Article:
Court Quashes Subpoena Seeking Information from Social Networking Sites Related to Fee Request
Muniz v. United Parcel Service, Inc., 2011 WL 311374 (N.D. Cal. Jan. 28, 2011). In this gender discrimination litigation, the plaintiff moved to quash the defendants’ subpoena seeking additional documentation related to the plaintiff’s previous motion for attorneys’ fees. Among the documentation sought by the defendants were postings by the attorney on listservs and social media networks (including LinkedIn and Facebook). To demonstrate the relevancy of the demand, the defendants submitted postings from the attorney’s Facebook page and listservs. Denying the defendants’ request, the court found the subpoena was not appropriately geared toward revealing information relevant to the fee dispute and ordered the postings submitted by the defendants to be removed from the record.
Although this particular opinion does not address direct ediscovery issues, it does present a growing challenge faced by lawyers and corporations alike – the increasing impact of social media in the courtroom. Social networking sites continue to grow in popularity and use for both personal and business reasons, which is clearly demonstrated by the fact that Americans spend 22.7 percent of their time using these sites (in addition to blogs) as of June 2010, which represents a 43 percent increase from June 2009.
Muniz raises a novel issue posed by social networking sites, wherein opposing counsel seeks justification for fees sought by referencing the attorney’s thoughts, opinions and statements made on various social media outlets. Although the court denied the request in this case, courts in various jurisdictions are increasing being pulled into the virtual world as the content on these sites become integral to disputes. In the civil context, the primary driving issue has been the distinction between private versus public content. For example, in Romano v. Steelcase, the New York State Supreme Court granted the defendant’s request to access the plaintiff’s current and historical Facebook and MySpace pages after finding the content contained within the public portions of those sites to be relevant. A popular quote from that case carries an advisory tone for those hoping to rely on privacy settings within the social networking sphere: “privacy is no longer grounded in reasonable expectations, but rather in some theoretical protocol better known as wishful thinking.”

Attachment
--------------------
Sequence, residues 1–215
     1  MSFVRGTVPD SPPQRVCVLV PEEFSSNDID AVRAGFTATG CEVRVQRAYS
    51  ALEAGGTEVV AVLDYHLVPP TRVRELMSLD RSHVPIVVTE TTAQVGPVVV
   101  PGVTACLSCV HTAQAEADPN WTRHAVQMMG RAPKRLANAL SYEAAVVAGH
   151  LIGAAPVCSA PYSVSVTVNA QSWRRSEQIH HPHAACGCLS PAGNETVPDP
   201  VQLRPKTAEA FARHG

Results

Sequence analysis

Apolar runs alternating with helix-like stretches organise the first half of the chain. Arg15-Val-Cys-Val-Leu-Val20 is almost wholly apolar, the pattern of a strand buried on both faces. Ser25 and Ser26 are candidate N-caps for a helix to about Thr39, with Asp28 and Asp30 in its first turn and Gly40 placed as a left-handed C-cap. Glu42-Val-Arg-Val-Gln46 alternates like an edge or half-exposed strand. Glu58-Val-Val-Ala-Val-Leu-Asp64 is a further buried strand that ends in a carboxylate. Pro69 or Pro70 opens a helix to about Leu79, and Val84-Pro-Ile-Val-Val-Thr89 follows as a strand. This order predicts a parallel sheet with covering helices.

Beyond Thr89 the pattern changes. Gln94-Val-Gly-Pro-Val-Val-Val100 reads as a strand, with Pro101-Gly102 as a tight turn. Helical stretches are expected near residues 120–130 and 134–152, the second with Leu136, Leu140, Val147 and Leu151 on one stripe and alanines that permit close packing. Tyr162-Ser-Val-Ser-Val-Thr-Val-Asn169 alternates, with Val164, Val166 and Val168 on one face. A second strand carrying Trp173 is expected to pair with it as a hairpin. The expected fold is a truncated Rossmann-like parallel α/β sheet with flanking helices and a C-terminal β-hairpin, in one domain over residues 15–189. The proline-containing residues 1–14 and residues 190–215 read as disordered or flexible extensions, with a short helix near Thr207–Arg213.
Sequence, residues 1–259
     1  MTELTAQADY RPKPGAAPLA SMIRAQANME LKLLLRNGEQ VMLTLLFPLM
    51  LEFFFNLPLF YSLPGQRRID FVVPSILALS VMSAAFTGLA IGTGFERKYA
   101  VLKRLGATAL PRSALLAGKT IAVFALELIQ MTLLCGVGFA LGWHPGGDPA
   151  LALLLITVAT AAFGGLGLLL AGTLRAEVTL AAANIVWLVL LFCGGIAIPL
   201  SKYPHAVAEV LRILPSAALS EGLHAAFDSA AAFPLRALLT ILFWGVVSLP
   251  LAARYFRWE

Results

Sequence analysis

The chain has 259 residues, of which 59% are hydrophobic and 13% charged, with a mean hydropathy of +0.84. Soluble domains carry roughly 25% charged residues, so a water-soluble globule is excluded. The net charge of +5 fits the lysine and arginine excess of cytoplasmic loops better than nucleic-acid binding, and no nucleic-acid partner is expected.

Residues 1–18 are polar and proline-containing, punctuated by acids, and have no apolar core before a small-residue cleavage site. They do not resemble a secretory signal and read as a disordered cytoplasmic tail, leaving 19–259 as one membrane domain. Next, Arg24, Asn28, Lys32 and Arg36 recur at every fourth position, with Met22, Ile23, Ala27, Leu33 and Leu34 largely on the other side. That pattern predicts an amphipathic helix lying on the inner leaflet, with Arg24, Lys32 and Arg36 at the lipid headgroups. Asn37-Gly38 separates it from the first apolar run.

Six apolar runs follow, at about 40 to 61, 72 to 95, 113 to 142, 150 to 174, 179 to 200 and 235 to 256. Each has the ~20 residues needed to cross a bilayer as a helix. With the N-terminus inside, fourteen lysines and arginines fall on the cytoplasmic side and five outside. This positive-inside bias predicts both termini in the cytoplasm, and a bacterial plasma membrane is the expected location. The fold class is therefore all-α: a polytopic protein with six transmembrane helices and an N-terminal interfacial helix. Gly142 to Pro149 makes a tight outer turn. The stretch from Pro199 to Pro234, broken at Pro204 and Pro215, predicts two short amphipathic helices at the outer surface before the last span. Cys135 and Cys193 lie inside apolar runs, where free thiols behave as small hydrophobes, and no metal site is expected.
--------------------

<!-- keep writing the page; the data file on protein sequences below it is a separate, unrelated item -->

Likewise, in Equal Employment Opportunity Commission v. Simply Storage Management, LLC, the Southern District of Indiana granted the production request that sought profiles (including postings, pictures, blogs, messages, personal information, list of friends or causes) from Facebook and the MySpace accounts. The court denied the party’s privacy claim, finding “Facebook is not used as a means by which account holders carry on monologues with themselves.” The court also determined that content on these sites will not be shielded from discovery simply because it is listed as private.
Although the body of case law in this area is sparse, the fact remains that social networking sites are indeed discoverable. Corporations and practitioners should undertake efforts to manage social media effectively, and determine how this new found evidence gold mine impacts discovery strategies, including the preservation, collection and production stages of the e-discovery process. Proactive measures, including education and consulting with an expert service provider, will go a long way to ensuring you are ready to address this challenging issue when it inevitable arises.
 The Neilson Company, “What Americans Do Online: Social Media and Games Dominate Activity”, available at http://blog.nielsen.com/nielsenwire/online_mobile/what-americans-do-online-social-media-and-games-dominate-activity/. Last accessed March 18, 2011.